817 - 03/12 - Malaria - Worldwide
Malaria is not a new concern amongst seafarers however despite this issue being well documented the industry still suffers from its effects. The Club's recent exposure highlights some important concerns.
According to the World Malaria Report 2011, there were 216 million cases of malaria worldwide and an estimated 655 000 deaths in 2010. Although malaria mortality rates have fallen by more than 25% globally since 2000 malaria still presents a considerable threat to a seafarer’s health.
The most vulnerable to malaria are typically the young and the infirm however with early diagnosis and treatment the rate of infection worldwide has seen a dramatic decrease. Malaria poses a greater risk for seafarers, particularly where symptoms may manifest at sea and therefore shore based medical assistance may not be immediately available.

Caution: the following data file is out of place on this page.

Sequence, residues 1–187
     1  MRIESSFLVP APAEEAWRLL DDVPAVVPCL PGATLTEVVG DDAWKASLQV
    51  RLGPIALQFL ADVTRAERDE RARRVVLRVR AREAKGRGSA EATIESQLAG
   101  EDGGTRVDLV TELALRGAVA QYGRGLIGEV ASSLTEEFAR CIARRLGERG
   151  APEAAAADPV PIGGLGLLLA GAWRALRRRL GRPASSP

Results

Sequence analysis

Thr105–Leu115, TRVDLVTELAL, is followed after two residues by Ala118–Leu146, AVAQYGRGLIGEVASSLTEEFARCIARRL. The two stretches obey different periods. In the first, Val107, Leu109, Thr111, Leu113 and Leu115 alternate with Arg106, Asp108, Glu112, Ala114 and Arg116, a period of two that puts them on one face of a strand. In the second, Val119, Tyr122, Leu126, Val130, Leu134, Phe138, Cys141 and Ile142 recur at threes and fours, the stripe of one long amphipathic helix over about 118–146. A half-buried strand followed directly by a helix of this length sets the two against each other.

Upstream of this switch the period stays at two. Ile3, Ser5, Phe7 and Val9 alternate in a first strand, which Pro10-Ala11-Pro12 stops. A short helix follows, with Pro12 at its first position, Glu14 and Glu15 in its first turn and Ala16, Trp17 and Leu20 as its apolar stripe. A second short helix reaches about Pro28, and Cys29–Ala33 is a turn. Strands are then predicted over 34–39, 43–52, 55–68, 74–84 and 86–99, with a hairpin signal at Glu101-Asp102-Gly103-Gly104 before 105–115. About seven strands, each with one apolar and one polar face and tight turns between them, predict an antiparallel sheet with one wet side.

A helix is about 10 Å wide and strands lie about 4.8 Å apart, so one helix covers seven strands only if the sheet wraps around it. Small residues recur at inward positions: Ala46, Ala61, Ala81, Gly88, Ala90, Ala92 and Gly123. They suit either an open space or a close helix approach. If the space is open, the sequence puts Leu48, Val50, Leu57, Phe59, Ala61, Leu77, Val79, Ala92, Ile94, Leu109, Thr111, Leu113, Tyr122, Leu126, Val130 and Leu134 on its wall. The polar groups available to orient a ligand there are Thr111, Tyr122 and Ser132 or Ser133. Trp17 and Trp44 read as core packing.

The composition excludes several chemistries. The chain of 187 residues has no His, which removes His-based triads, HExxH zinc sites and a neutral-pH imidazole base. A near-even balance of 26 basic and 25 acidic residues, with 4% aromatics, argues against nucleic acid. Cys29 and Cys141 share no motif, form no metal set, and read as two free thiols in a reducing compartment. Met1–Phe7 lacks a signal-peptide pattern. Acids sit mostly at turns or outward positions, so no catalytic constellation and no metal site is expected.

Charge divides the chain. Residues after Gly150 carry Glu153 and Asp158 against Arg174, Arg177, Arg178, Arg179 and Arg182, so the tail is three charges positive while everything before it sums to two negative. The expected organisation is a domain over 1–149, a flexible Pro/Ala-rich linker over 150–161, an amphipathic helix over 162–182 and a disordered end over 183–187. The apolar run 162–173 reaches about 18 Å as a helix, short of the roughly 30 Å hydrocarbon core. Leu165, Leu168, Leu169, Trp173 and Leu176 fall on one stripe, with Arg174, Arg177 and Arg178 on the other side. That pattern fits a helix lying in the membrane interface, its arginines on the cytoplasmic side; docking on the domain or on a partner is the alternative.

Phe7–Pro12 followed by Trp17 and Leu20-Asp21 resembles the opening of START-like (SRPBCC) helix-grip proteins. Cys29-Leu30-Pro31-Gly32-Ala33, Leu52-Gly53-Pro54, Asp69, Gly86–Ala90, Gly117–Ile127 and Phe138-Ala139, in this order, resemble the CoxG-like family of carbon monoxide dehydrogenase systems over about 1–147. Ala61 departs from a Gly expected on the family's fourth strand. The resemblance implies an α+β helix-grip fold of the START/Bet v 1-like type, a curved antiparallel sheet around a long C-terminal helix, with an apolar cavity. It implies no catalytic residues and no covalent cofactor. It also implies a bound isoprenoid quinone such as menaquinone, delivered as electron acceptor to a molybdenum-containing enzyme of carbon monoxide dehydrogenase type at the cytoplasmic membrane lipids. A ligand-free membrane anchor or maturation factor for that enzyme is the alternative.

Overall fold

Malaria is caused by a parasite called Plasmodium, which is transmitted via the bites of infected mosquitoes. In the human body, the parasites multiply in the liver, and then infect red blood cells.
Symptoms of malaria include fever, headache and vomiting, and usually appear between 10 and 15 days after the mosquito bite. If not treated, malaria can quickly become life-threatening by disrupting the blood supply to vital organs. In many parts of the world, the parasites have developed resistance to a number of malaria medicines.
Unquote (www.WHO.int 20.03.2012)
The typical number of cases the Club sees has remained relatively steady however, there has been a noticeable upward trend to the costs involved in each case. Extenuating circumstances in one particular case from 2009 saw the associated costs increase to in excess of $800 000.
Read more in the attached bulletin.